Imagine that you died tomorrow. What would the other person need to access to make things easier? Give them access to that, plus a little more for good luck. This can include the passwords to your laptop, phone, Apple ID, myIR, mobile provider, email provider, internet banking, your cloud backup and other subscriptions.

The way Sierra and I manage this is through a shared Notes doc on our phones. You can also use a Google doc, or a more secure alternative like 1Password/LastPass. Make sure you can access it from your phone.📱 

Sharing passwords costs you nothing and sets the tone of ‘everything that’s mine is yours’, which can eventually lead to more important things being shared. Like money.

4 principles of combining finances

These principles are best used as guideposts while you explore combining finances with your partner. Keep them front of mind to increase the likelihood of success.

1. Discuss and accept one another’s views on money — Combining finances starts with talking to one another. It’s not one big, all-encompassing conversation. In reality it looks like lots of little chats. 💬 Your job is to listen deeply and non-judgmentally to understand your partner’s hopes, dreams and fears with money, and to help them figure out where these beliefs came from. It’s not about trying to change the other person. It’s about accepting them as they are. By being interested and listening to your partner’s money stories, they will be more open to listening to your point of view. From here, you will have an opportunity to start helping one another overcome your limiting beliefs around money. We all have them.

2. Decide together — One person has to be the first to suggest combining finances, but the final decision must be made together. Nobody wants to feel backed into a corner. If your partner isn’t ready, that’s totally okay. Instead of being upset, go back to the previous principle and get really curious. You can say, “Thank you for being honest with me. I am really curious, what do you think it would take for you to feel excited to combine our finances?” 
It’s also entirely possible that you didn’t clearly communicate the reasons why you want to do this. Try framing your reason as a benefit to the other person. When I proposed this to Sierra, I didn’t say, “I want to combine finances so you can take care of me when I’m broke.” Instead I said, “I want to combine finances so we can be true financial equals and so we can support one another through the ups and downs of life.” 🎢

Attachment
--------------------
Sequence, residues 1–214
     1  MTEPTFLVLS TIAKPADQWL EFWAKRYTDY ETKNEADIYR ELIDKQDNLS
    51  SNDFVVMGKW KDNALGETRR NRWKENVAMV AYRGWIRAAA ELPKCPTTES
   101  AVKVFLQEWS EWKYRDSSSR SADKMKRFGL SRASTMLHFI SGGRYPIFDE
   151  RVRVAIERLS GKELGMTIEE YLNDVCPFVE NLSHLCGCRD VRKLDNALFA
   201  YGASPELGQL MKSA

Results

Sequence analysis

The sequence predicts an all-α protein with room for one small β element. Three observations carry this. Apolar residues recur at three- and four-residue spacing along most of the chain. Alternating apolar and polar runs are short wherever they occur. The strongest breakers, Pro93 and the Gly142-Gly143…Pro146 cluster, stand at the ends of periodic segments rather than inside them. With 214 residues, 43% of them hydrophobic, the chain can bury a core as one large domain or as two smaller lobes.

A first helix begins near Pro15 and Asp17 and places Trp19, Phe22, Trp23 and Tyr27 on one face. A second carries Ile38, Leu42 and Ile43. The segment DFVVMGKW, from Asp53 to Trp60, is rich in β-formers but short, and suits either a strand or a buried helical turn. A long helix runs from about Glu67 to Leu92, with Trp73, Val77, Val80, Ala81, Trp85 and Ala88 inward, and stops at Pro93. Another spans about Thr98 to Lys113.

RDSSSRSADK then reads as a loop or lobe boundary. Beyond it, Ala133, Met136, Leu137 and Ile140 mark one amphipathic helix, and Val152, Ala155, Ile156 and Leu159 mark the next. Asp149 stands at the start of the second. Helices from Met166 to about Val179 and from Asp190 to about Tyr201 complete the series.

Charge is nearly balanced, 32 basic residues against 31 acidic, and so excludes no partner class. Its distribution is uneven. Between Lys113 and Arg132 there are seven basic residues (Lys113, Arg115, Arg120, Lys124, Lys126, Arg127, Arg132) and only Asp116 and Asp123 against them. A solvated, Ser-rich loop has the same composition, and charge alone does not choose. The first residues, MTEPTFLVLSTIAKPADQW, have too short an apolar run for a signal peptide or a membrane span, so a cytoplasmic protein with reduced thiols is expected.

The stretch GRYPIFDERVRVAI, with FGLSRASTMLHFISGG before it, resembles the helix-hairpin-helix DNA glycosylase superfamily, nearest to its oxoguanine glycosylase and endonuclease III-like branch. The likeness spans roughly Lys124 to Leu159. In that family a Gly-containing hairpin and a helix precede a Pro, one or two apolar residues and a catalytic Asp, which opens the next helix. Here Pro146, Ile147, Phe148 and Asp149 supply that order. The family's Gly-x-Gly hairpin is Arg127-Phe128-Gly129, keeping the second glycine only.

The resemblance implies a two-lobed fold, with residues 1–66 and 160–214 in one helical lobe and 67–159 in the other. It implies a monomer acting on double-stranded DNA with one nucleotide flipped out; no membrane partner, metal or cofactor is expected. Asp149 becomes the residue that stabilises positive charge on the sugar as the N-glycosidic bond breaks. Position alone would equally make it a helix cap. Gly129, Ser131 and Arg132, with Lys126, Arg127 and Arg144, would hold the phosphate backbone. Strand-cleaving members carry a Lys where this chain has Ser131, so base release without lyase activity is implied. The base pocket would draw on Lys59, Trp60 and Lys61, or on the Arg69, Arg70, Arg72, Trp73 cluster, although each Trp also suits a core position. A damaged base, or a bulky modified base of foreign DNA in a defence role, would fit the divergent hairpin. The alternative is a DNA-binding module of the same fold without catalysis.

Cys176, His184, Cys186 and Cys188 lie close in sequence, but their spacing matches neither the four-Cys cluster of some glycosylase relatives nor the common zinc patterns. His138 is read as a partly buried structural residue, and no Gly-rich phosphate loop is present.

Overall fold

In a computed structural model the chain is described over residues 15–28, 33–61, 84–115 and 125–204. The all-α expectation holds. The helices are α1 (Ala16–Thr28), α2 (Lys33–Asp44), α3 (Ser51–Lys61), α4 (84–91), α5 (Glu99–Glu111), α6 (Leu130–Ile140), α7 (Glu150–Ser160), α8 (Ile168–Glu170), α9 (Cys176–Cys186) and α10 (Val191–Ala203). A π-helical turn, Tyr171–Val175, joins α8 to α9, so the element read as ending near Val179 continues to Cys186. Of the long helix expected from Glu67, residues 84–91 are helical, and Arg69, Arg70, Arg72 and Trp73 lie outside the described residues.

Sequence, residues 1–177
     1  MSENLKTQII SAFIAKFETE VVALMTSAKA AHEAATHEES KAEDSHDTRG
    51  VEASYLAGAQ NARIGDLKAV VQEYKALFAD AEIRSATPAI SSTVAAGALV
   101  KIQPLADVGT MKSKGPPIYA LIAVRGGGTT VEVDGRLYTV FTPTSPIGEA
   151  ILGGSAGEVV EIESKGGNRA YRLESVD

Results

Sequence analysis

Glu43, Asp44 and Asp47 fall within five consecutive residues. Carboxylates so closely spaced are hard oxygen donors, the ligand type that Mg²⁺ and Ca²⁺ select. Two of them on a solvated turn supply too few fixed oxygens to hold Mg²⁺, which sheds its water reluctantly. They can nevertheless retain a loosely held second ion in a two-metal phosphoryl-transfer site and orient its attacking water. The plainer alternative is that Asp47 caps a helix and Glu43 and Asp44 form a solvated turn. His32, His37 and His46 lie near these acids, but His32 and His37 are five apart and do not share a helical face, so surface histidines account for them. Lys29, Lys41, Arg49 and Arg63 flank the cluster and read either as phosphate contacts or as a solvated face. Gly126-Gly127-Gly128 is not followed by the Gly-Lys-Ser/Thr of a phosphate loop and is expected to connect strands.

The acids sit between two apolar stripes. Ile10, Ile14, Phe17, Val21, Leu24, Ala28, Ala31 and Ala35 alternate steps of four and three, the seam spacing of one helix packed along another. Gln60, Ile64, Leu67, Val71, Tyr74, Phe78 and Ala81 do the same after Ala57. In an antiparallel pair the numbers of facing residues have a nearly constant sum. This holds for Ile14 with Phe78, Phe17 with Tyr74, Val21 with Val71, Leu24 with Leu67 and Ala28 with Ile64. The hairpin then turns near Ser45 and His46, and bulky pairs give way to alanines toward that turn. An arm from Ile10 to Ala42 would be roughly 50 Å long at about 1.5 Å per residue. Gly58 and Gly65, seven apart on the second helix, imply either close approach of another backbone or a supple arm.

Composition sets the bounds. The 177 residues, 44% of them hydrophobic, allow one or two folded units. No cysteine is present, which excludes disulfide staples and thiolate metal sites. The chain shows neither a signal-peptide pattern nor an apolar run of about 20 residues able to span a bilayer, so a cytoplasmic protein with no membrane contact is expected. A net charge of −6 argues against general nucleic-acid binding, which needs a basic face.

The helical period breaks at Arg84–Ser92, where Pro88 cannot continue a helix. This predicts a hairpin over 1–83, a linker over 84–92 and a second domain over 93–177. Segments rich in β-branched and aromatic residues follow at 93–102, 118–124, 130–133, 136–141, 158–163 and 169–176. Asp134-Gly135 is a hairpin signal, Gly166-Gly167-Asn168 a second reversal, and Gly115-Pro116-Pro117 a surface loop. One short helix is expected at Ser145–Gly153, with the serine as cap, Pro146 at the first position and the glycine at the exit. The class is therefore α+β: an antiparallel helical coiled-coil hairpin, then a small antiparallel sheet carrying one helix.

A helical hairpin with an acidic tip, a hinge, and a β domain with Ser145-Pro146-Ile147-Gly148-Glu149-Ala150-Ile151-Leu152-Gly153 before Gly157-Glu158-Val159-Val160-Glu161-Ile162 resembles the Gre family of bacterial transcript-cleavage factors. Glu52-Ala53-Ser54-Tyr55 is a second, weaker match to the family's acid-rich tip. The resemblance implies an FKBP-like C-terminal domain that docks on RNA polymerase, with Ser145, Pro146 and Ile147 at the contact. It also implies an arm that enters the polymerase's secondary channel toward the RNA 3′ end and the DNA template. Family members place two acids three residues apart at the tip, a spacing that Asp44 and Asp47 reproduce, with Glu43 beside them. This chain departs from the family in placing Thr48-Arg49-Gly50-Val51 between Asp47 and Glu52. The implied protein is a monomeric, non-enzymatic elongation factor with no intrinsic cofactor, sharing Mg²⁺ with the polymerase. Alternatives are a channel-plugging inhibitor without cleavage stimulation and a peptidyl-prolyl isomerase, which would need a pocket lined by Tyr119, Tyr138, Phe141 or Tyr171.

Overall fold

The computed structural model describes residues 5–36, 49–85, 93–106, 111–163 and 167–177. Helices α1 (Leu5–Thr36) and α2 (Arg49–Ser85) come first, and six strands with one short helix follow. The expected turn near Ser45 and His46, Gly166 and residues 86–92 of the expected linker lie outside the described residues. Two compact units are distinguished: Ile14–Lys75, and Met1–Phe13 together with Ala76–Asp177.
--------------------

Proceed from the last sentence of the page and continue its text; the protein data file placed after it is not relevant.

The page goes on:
3. Set some rules together — Sierra and I have a rule that says we will discuss any purchase over $100. If it’s less than $100, we don’t need to talk about it (though we typically will if it’s over $50). When in doubt, always discuss first. Not to get permission, but to decide together if this is something you both believe is good to spend money on and will get you closer to your goals. You can make up your own rules. For some of you, $100 might seem too low/high. Write the rules down somewhere you can both easily access. If you have a relationship property agreement together, add that in here too.
Another rule we have is that both of us have equal access to everything. We both have a card 💳 linked to our checking account, and we both have access to all the passwords, even ones we decided to keep in one person’s name.

4. Adjust the rules to the seasons of your life — When things change in a significant way, come together for a conversation and adjust your approach. When I was made redundant, we needed to update the way we manage our finances. Most of the time, this just looks like figuring out what amount of weekly income we expect for the foreseeable future, reviewing what we are allocating money towards every week, then updating any automations. ⚙️

The nuts and bolts of combining finances — how to actually do it

You’ve decided to be a true team in every sense of the word and combine your finances. What now? The first thing Sierra and I did was to make a plan. This looked like me jotting down some notes, then discussing them. I still have my original notes from this planning session! 

My unedited notes from our first planning session after we decided to combine finances:


  • Look into the different ways people combine finances
  • Pick and choose the best parts

Things to consider

  • Taxes
  • How I can still pursue financial independence
  • Do we put Sierra’s name on my index funds
  • Do we put my name on her business accounts
  • Might be worth speaking to an independent financial advisor to find out the best way to combine finances. See Mary Holm’s list of fee-only advisors.
  • KiwiSaver gov contribution, make sure we both get it
  • After 3 years of living together, the Property Relationship Act comes into effect, which means that if you split, you have to split your assets and liabilities 50/50.


  • Are there any debts either of us is liable for in Aus, NZ or Vietnam?
  • What do we do if one partner’s income drops to zero? Talk about it and consider options. Consider using an emergency fund.
  • Do we want to create a relationship property agreement?
  • Would I have to pay tax on Sierra’s business income and expenses if my name was added to the business accounts?